W3C home > Mailing lists > Public > public-tracking@w3.org > April 2012

Re: navigator.doNotTrack

From: Justin Lebar <jlebar@mozilla.com>
Date: Wed, 11 Apr 2012 17:31:17 -0400
Message-ID: <CAFWcpZ6HbfAv1e15oePgFVQBN1q-r9HaZSTu0yLs4zdOY_qQhw@mail.gmail.com>
To: "Roy T. Fielding" <fielding@gbiv.com>
Cc: Tracking Protection Working Group WG <public-tracking@w3.org>
>> But I don't see how extensions would fit in here without breaking
>> existing logic.  Suppose you added a "foo" extension, so now people
>> send "DNT: 1 foo".  If we reflected this verbatim in the DOM, then
>> every site which checks for navigator.doNotTrack == "1" will break.
>
> Yes, so don't do that.  There is no "existing logic".  There are no sites
> that check navigator.doNotTrack == "1" right now.  I don't care about
> the potential ability for web developers to write bad code given
> that there is no current documentation that they can copy that tells
> them how to test it properly.  The standard specifies it properly, so
> we just need to make sure the implementations and examples do the same.

It's my experience at Mozilla that web developers will assume anything
and everything they can about the interfaces exposed to them.  "Yes,
so don't do that" is not a solution for the Web.  None of us here will
be able to ensure that all implementations and examples do

  navigator.doNotTrack.indexOf("1") == 0

instead of

  navigator.doNotTrack == "1".

Indeed, the former is so counter-intuitive, I'd expect a lot of
websites to use the latter, even if we deem it to be incorrect.

>> Or alternatively, suppose we added DNT: 2.  Again, websites would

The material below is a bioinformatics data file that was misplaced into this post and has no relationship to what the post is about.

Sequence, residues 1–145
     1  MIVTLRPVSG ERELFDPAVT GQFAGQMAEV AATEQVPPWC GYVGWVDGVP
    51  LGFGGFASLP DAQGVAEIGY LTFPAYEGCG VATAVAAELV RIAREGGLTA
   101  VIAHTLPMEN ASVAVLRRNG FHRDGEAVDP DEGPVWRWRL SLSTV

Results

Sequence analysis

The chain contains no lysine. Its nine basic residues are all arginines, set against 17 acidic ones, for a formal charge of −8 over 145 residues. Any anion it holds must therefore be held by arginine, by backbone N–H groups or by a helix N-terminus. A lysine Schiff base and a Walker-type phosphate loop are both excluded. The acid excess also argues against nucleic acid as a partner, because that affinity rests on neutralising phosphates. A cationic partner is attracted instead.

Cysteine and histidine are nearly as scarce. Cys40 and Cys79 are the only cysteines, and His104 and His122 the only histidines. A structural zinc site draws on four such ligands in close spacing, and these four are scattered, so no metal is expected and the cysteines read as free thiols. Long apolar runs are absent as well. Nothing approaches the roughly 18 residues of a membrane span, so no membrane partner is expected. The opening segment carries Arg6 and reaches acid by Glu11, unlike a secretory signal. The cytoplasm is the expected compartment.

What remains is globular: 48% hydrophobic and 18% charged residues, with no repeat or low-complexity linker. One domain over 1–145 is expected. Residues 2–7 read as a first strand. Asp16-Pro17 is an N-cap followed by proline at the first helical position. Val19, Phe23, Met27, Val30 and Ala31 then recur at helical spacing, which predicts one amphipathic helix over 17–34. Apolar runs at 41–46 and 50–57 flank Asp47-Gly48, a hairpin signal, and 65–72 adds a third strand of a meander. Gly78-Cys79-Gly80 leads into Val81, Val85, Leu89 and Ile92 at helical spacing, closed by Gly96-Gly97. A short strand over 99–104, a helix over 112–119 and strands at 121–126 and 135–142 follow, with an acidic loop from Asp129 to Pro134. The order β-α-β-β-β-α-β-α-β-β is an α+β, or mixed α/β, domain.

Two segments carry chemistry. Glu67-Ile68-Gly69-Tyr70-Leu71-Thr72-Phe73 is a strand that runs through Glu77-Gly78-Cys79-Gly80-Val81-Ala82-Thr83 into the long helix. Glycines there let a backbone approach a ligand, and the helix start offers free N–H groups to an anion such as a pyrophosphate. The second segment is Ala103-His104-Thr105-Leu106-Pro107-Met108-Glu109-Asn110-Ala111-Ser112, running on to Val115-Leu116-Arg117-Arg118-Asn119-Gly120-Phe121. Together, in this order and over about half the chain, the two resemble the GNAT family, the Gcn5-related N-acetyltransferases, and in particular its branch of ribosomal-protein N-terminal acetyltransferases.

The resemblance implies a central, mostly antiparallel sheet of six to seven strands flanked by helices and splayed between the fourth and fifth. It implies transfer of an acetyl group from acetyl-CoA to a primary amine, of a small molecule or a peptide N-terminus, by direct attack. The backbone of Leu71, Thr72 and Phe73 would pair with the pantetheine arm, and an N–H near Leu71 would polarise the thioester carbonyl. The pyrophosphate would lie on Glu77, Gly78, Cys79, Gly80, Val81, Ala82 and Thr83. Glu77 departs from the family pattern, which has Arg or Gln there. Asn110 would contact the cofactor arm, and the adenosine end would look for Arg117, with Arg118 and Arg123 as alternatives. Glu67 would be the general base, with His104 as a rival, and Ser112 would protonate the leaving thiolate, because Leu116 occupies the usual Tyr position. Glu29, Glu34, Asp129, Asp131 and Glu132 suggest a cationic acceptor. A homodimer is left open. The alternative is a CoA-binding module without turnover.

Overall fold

>> handle this incorrectly if we returned it in navigator.doNotTrack,
>> because many sites would do an if {} elseif {} else {}.
>>
>> To be clear, it's a problem that web servers would have to be updated
>> to handle this new DNT field, but at least there's some hope of
>> getting that right, since there are only a handful of web servers.
>> With the Web, there's no hope of getting legacy pages updated.
>
> There are no legacy DNT pages.

But there will be, right?

Again, my concern is that web pages will use this interface
incorrectly, and then we'll be stuck in a position where we can't
change the interface without breaking those pages.  Web browsers are
loath to "break the Web" even when pages are using an interface
"incorrectly".

>> It seems to me that we'd want to expose an extension as
>> navigator.doNotTrackFoo, or perhaps
>> navigator.doNotTrackExtensions['foo'], or something other than
>> navigator.doNotTrack.
>>
>> Perhaps I'm missing the point of these extensions?
>
> The whole point of having extensibility is that we don't know what
> extensions will be needed.  This is not a problem.
>
> If you implement it according to the spec, then the test will be
> future-proof.  If you don't implement the test as specified, then the
> test will fail.

That is precisely what, for the purposes of the DOM, I would like to
avoid.  Again, it is my experience that if we do not avoid this, then
we will be in a position in the future where we are unable to make
changes because those changes will break sites.

-Justin
Received on Wednesday, 11 April 2012 21:32:10 UTC

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